# Intuition for why flow follows convex surfaces

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 March 17, 2021, 08:31 #41 Senior Member     Paolo Lampitella Join Date: Mar 2009 Location: Italy Posts: 2,014 Blog Entries: 29 Rep Power: 38 It is also useful to mention that for an incompressible (i.e., constant density) flow you can't, indeed, fix a pressure boundary condition in reality. If you wanted to make an over/under pressure in some region, your only chance would be trough some imposed velocity motion, because you wouldn't be able to compress/expand the fluid in a closed reservoir. So, in the end, as long as we assume a completely incompressible fluid as model, both the physics and mathematics of the problem tell us that pressure actually follows also for the boundary conditions. aero_head likes this.

 March 18, 2021, 13:15 #42 New Member   Join Date: Feb 2021 Posts: 16 Rep Power: 4 I think I understand that we can determine the flow from without resorting to pressure. I don't think that makes it wrong to involve a physical thermodynamic pressure in my mental model. Yes, in real life the pressure couldn't propagate instantaneously, but you have that same problem with mass conservation since real fluid is not perfectly incompressible. And I think the model could be made consistent mathematically, if necessary by doing something like allowing the fluid to be compressible and considering the limit as the compressibility went to zero. Perhaps there are ways to explain the surface-following-effect intuitively both with and without resorting to pressure. Does thinking about pressure in a causal sense and breaking it down into applied and non-applied fields (as defined in my post) introduce any inconsistencies in predicted flow pattern? Is it wrong, or does it just rub you the wrong way for philosophical and/or practical numerical reasons?

March 18, 2021, 13:31
#43
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Paolo Lampitella
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Quote:
 Originally Posted by lopp I think I understand that we can determine the flow from without resorting to pressure. I don't think that makes it wrong to involve a physical thermodynamic pressure in my mental model. Yes, in real life the pressure couldn't propagate instantaneously, but you have that same problem with mass conservation since real fluid is not perfectly incompressible. And I think the model could be made consistent mathematically, if necessary by doing something like allowing the fluid to be compressible and considering the limit as the compressibility went to zero. Perhaps there are ways to explain the surface-following-effect intuitively both with and without resorting to pressure. Does thinking about pressure in a causal sense and breaking it down into applied and non-applied fields (as defined in my post) introduce any inconsistencies in predicted flow pattern? Is it wrong, or does it just rub you the wrong way for philosophical and/or practical numerical reasons?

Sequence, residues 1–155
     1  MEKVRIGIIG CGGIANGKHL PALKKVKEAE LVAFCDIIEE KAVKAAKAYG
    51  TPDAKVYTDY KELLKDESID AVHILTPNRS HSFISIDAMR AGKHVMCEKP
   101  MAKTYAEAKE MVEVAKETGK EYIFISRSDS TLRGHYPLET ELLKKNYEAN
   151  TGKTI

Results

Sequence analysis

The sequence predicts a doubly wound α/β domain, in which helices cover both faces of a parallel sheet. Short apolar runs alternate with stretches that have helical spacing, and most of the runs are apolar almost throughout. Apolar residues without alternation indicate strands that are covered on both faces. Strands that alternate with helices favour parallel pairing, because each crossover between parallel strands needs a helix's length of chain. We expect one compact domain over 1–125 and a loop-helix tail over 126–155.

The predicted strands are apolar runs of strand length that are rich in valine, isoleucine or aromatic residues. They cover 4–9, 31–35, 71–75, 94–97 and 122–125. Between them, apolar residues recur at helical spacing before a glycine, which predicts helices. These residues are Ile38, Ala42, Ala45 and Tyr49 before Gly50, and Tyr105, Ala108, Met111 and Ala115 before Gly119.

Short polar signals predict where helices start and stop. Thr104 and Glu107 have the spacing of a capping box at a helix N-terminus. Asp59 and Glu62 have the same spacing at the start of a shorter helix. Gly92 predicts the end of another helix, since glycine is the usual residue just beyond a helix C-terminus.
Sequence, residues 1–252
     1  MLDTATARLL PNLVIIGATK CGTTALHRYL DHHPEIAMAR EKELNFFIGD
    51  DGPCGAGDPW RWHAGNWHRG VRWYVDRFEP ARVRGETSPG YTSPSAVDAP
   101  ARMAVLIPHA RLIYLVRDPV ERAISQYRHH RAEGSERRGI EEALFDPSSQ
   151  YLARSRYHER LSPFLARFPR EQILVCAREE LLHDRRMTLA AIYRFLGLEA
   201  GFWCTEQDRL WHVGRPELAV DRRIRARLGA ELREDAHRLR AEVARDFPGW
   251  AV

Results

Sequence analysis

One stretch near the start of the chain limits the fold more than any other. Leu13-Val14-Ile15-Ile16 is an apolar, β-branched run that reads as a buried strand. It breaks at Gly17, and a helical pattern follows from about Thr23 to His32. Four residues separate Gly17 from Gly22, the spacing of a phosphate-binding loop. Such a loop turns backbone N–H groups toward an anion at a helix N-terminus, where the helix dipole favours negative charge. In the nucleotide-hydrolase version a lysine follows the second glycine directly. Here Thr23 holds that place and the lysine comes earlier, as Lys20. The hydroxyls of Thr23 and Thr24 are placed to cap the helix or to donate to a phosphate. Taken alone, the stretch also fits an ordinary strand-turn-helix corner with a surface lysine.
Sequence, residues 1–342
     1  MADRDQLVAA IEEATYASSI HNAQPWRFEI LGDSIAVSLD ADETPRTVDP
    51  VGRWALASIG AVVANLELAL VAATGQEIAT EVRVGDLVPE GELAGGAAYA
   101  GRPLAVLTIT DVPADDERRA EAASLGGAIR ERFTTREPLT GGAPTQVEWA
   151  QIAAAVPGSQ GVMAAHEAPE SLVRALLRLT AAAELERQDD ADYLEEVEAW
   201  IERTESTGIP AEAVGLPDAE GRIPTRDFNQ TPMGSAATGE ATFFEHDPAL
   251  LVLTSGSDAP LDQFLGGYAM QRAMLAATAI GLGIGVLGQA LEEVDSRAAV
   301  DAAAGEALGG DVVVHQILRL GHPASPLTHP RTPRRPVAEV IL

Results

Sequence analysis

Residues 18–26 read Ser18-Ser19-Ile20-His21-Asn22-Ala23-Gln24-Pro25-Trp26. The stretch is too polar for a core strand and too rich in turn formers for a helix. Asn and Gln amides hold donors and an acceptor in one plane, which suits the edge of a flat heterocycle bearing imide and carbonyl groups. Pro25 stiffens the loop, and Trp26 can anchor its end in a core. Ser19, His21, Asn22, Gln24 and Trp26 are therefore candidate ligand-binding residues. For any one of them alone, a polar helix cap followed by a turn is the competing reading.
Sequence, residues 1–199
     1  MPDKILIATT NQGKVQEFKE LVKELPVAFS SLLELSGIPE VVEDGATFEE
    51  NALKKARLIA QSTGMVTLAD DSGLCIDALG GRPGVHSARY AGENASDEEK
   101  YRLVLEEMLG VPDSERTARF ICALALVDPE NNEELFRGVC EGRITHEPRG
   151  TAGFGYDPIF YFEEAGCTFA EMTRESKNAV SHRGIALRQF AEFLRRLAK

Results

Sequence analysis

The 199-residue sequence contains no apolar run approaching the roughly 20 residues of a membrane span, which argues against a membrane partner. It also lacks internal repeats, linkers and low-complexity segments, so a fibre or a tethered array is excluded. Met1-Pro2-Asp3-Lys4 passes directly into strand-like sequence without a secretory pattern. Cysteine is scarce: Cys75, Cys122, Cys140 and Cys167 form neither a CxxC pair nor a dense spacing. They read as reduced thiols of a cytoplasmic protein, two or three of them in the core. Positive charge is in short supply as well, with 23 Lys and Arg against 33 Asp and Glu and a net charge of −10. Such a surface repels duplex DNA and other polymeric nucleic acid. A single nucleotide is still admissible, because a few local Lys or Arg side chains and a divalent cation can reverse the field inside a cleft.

But the fully incompressible model can predict very well both viscous and potential flows (within their limit), so I don't think that relaxing incompressibility is going to help at all.

One way to split pressure in the incompressible case is to have a background thermodynamic pressure that one can show is constant in space (but whose value might be time dependent) plus the pressure we discussed so far. As the thermodynamic part is constant in space, I don't see, again, how it enters the picture.

March 18, 2021, 13:42
#44
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Filippo Maria Denaro
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Quote:
 Originally Posted by lopp I think I understand that we can determine the flow from without resorting to pressure. I don't think that makes it wrong to involve a physical thermodynamic pressure in my mental model. Yes, in real life the pressure couldn't propagate instantaneously, but you have that same problem with mass conservation since real fluid is not perfectly incompressible. And I think the model could be made consistent mathematically, if necessary by doing something like allowing the fluid to be compressible and considering the limit as the compressibility went to zero. Perhaps there are ways to explain the surface-following-effect intuitively both with and without resorting to pressure. Does thinking about pressure in a causal sense and breaking it down into applied and non-applied fields (as defined in my post) introduce any inconsistencies in predicted flow pattern? Is it wrong, or does it just rub you the wrong way for philosophical and/or practical numerical reasons?

To be honest, I was unable to understand the physical intuition in your previous post.